Similar to the MSN-based drug delivery system, controlled gatekeepers capping the pore entrances of PMOs were crucial for achieving specific drug release and avoiding premature leakage in the delivery process before the target site is reached.16–18 What is more, perfect gatekeepers can only be removed upon exposure to specific internal or external stimuli, thus resulting in the release of the entrapped drugs. A number of capping agents, such as inorganic NPs,19 organic molecules,20 peptides,21 and supramolecular assemblies,22 have been employed as the responsive “gatekeepers” to fabricate the MSN-based drug delivery systems. Due to the excellent photothermal properties, some inorganic materials serve as a heating gatekeeper coated on MSNs that causes the synergistic effect of tumor cells through combination of chemotherapy and photothermal therapy (PTT), which seems to be an interesting strategy.23–25 Wang et al first used graphene nanosheet gatekeeper to cap the pore entrances of doxorubicin (DOX)-loaded MSNs.26 DOX was loaded on the pore wall of targeting peptide-modified MSNs through strong electrostatic interaction, and then the MSNs were capped with graphene. Also, a few PMO drug delivery systems have been reported.27–29 However, gated PMO drug delivery systems to specifically control the release of therapeutics are still lacking.
Copper sulfide (CuS) NPs have been widely employed as photothermal conversion agents owing to their excellent photothermal conversion property.30 Moreover, CuS NPs have been demonstrated to have a low long-term toxicity and high biodegradability.31 A recent study by Su et al reported CuS as a gatekeeper to cap the mesoporous upconversion NPs, which fabricated a multifunctional mesoporous upconversion NP-based drug controlled-release system for upconversion luminescence emission/magnetic resonance imaging/photoacoustic tomography-guided synergetic chemo-thermotherapy.32 However, to the best of our knowledge, there is no report on gating of the CuS with PMO NPs for tumor treatment.
Herein, we present a facile CuS-gated PMO triple-responsive nanoplatform. The PMO was employed as the carrier to encapsulate chemotherapeutic agent DOX. The linker cysteamine was used to introduce the cleavable disulfide bonds (-SS-) and conjugate the gatekeeper L-cysteine-CuS (CuS-Lys) to the pore entrance, which can prevent drug burst release during the delivery. It is also an excellent photothermal agent and is used for photothermal ablation therapy. Once the yolk−shell periodic mesoporous organosilica nanoparticles or yolk−shell PMOs (YSPMOs(DOX)@CuS) is taken up by the cancer cells, the breaking of disulfide linkers is triggered by the high concentration of glutathione (GSH) in cancer cells, and thus the resulting CuS capping agent on the surface of YSPMOs can be removed leading to rapid drug release in the cytoplasm. Meanwhile, CuS can be used to precisely generate hyperthermia in tumor sites upon light irradiation. We carried out synergistic chemo-photothermal therapy for in vitro and in vivo sarcomaia 180 (S180) tumor. The results demonstrated that the triple-responsive nanoplatform significantly inhibits tumor growth, suggesting its great potential for synergistic therapy of cancer (Figure 1).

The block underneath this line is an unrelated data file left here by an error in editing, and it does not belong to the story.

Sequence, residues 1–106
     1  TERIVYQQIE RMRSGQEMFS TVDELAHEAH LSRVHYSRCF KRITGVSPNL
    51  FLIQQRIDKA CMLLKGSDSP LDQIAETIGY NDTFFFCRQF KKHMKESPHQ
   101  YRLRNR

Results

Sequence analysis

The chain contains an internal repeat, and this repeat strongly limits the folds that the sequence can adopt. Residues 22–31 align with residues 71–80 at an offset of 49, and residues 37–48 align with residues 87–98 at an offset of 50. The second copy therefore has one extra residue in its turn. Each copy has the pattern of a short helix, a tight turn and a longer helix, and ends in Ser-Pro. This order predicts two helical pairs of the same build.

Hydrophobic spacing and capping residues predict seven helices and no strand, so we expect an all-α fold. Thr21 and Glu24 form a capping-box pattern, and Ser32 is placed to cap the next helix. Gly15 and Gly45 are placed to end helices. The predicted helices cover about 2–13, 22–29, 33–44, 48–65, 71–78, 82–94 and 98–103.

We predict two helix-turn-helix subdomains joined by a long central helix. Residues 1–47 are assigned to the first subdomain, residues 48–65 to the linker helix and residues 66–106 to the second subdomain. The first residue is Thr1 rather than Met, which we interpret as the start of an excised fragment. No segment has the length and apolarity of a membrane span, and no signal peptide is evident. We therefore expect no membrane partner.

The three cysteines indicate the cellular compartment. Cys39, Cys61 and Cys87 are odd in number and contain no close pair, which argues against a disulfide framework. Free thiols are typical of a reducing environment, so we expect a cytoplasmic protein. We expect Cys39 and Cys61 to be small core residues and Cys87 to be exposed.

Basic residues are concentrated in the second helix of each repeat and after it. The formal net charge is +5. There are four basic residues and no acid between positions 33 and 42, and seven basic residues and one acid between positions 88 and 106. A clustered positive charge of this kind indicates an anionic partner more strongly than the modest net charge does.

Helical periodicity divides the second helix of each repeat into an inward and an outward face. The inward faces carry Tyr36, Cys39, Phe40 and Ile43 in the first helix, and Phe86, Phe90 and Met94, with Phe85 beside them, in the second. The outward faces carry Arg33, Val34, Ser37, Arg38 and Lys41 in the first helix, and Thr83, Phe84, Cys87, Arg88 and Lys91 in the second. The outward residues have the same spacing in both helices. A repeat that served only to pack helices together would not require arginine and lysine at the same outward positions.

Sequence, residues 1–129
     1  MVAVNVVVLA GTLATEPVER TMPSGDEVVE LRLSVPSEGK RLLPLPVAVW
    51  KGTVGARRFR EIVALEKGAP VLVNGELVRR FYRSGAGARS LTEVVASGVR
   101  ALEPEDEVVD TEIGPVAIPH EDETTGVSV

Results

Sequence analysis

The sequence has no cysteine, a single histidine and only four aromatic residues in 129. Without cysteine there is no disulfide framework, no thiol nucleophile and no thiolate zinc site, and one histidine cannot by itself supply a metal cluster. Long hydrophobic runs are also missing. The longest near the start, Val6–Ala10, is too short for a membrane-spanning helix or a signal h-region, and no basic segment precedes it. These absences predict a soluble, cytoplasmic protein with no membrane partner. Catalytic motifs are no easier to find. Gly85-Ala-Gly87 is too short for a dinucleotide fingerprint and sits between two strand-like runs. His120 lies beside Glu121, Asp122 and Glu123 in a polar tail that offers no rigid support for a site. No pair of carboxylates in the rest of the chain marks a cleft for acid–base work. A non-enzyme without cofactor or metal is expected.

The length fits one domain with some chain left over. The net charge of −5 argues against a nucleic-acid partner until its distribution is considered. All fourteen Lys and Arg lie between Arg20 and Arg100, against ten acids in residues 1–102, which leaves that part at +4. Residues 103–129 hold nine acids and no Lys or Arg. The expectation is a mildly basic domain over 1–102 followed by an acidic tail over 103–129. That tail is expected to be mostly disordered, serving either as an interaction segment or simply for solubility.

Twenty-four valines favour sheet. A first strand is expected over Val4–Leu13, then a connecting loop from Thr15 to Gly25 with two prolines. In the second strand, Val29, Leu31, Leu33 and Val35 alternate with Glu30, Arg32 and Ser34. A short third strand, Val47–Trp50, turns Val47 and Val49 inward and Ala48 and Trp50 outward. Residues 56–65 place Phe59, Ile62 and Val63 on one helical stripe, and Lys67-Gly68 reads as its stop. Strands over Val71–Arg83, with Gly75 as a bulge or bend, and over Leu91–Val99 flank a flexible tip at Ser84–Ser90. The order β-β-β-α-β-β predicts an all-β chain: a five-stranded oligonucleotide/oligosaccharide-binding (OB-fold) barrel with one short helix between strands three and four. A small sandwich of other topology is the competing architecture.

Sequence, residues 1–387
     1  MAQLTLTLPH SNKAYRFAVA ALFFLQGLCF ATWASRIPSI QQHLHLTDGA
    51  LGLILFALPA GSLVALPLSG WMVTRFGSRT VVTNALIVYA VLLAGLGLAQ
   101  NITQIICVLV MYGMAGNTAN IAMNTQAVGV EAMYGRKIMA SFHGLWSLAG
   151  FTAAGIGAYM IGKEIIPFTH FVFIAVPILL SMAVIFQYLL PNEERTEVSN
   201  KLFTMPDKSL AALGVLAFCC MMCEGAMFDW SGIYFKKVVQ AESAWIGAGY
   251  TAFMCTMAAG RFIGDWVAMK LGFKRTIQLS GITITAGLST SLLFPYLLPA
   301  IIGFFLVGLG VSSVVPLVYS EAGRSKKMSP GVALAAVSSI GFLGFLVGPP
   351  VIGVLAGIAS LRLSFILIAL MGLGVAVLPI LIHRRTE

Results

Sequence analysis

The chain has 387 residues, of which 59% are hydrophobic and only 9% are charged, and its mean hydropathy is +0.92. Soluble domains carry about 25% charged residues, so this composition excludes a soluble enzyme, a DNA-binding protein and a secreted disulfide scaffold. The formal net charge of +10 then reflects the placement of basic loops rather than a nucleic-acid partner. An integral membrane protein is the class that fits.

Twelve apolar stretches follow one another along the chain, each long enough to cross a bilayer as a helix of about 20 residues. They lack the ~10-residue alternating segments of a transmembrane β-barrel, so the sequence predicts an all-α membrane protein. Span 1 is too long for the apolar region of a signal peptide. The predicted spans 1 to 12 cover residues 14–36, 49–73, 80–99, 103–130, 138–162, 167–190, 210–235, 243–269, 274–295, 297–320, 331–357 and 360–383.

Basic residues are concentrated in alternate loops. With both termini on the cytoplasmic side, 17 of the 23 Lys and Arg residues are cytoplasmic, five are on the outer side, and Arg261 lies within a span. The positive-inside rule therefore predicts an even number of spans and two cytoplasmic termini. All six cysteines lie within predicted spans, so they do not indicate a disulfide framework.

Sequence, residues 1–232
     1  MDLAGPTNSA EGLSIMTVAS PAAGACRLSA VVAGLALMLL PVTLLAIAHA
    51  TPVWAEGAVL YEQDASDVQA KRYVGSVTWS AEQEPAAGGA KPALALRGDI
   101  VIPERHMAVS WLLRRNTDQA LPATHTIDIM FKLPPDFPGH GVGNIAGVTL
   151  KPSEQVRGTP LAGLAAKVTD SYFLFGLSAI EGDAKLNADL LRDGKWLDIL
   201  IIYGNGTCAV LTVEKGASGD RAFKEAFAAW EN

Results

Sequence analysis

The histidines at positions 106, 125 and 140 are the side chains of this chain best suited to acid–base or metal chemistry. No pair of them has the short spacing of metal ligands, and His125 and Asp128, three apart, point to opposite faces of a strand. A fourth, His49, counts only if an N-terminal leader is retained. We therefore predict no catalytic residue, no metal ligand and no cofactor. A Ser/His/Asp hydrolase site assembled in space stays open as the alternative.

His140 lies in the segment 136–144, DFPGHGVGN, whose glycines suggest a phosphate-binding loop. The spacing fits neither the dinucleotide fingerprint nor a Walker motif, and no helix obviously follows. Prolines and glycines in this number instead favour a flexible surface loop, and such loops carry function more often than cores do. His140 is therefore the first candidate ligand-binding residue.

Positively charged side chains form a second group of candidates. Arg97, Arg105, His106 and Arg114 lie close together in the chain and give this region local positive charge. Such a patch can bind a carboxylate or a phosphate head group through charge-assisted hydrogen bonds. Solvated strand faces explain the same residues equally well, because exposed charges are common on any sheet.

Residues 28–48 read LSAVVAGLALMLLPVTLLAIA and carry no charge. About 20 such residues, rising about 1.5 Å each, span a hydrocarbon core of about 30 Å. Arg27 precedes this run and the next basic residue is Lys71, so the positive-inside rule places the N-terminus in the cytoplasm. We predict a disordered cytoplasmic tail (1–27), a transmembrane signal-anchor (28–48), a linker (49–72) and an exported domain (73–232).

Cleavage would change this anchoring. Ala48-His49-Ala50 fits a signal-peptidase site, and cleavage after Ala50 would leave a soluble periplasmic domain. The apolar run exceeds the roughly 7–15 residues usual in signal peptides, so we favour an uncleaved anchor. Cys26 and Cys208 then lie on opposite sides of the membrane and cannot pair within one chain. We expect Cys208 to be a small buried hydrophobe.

Tetraethoxysilane (TEOS), cetyltrimethyl ammonium bromide (CTAB), concentrated ammonia (25 wt%), copper chloride (CuCl2), sodium sulfide (Na2S), GSH, L-cysteine, and anhydrous ethanol were purchased from Sinopharm Chemical Reagent Co., Ltd (Shanghai, China). The 3-mercaptopropyltrimethoxysilane (MPTMS), DOX hydrochloride, and 1,4-bis-(triethoxysilyl) propane tetrasulfide (TESPTS) were obtained from Sigma-Aldrich (St Louis, MO, USA). Cysteamine, N-[3-(dimethylamino)propyl]-N′-ethyl-carbodiimide hydrochloride (EDC), N-hydroxysuccinimide (NHS), and fluorescein isothiocyanate were purchased from Aladdin Reagent (Shanghai, China). Deionized (DI) water (H2O) used in all experiments was purified by a Millipore system (Milli-Q, 18.2 MΩ cm). Dimethyl sulfoxide (DMSO), fetal bovine serum (FBS), PBS, antibiotics (penicillin/streptomycin), and DMEM were supplied by the Shanghai Pumai Biotechnology Co. Ltd. MTT and 4-6-diamidino-2-phenylindole (DAPI) were purchased from Nanjing KeyGen Biotech. Co. Ltd (Nanjing, China). The human cancer MDA-MB-231 cell lines and S180 cell lines were provided by the Institute of Biochemistry and Cell Biology, Chinese Academy of Sciences (Shanghai, China).
Preparation of YSPMOs-SH